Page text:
Monday 3 May 2021



Synopsis/blurb ...

John Russell watches the Reichstag burn, but it's no scoop, even for a crime reporter. Four weeks after Hitler's accession, brownshirt mobs stalk the streets and the press prints what the Party tells it. Russell, a former communist with a British passport, should be packing his bags, but while family ties bind him. Meanwhile, his assignments draw him closer to the savage heart of the new regime -- and the story that only ends one way.

David Downing's Station series is one I've been meaning to try for a while, but have never quite made the time for in my reading. An invitation to read Wedding Station, a series prequel was too good an opportunity to turn down.

It's a fantastic book, which captures the mood of the time perfectly. Hitler has come to power and the divisions in German society are about to be laid bare. There's fear and apprehension from the communist opposition, versus a surge in confidence, optimism and a restoration of pride in Germany from his supporters. 

We see events of 1933 through the lens of John Russell, an English journalist based in Berlin. Russell is in a precarious situation. His marriage is over in all but name though he remains very close to his wife and his son. She is in a new relationship and the arrangements are attracting some attention. Divorce would jeopardise his ability to remain in the country. His former communist views, now renounced are hardly endearing to the new regime. Neither is his occupation.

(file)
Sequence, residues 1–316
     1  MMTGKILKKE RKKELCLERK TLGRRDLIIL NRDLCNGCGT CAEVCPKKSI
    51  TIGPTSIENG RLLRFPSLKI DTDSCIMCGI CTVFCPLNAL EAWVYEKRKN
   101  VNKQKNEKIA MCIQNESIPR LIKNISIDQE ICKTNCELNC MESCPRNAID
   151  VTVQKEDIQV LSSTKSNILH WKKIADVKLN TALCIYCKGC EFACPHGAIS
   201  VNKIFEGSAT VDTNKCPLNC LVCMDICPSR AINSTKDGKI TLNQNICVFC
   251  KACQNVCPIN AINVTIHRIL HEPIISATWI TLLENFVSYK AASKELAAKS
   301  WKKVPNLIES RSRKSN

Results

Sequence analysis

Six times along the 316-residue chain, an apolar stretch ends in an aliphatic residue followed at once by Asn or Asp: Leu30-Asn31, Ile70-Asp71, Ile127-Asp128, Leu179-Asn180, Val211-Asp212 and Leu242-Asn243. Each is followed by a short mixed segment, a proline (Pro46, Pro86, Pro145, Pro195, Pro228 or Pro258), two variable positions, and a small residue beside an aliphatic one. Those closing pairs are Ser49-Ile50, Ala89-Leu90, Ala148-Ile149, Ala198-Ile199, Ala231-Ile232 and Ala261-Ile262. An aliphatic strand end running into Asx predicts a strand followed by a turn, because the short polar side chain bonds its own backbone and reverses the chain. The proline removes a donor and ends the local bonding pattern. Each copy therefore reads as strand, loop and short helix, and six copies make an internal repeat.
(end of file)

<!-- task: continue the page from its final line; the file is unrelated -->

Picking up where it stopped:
It's a fine line for Russell and his newspaper editor to tread. Criticism of the Nazis is unpatriotic. Clampdowns on press freedom is a given. Stories which might embarass the regime and its supporters are to be avoided, but neither does the newspaper/editor/Russell want to lose its integrity and become a puppet, even when the Nazi propaganda machine is feeding them obvious bull.

In the midst of this Russell investigates the death of a male prostitute, offers temporary sanctuary to a Communist fugitive and searches for a missing girl. All the while, keeping on the right side of the regime and maintaining the fiction of a normal life for the sake of his six year old son. 

Tense, claustrophobic, scary, horrific, gripping. It's fascinating seeing a country about to go to war with itself or at least a sizeable minority of its citizens, especially Jews and Communists; before obviously taking on the rest of Europe a bit further down the road.

Brilliant - setting, story, characters, pace, history lesson - all ticks in the box.

4.5 from 5 

Read- April, 2021
Published - 2021
Page count - 336
Source - review copy from publisher - Old Street Publishing
Format - paperback


  1. I've read an review copy also and several others by this very gifted author and my review is:-
    "Wedding Station (John Russell WW11 Spy Thriller Novel") written by David Downing and published in Hardcover by Soho Crime on 2nd March 2021. 336 pages ISBN-13 : 978-1641291071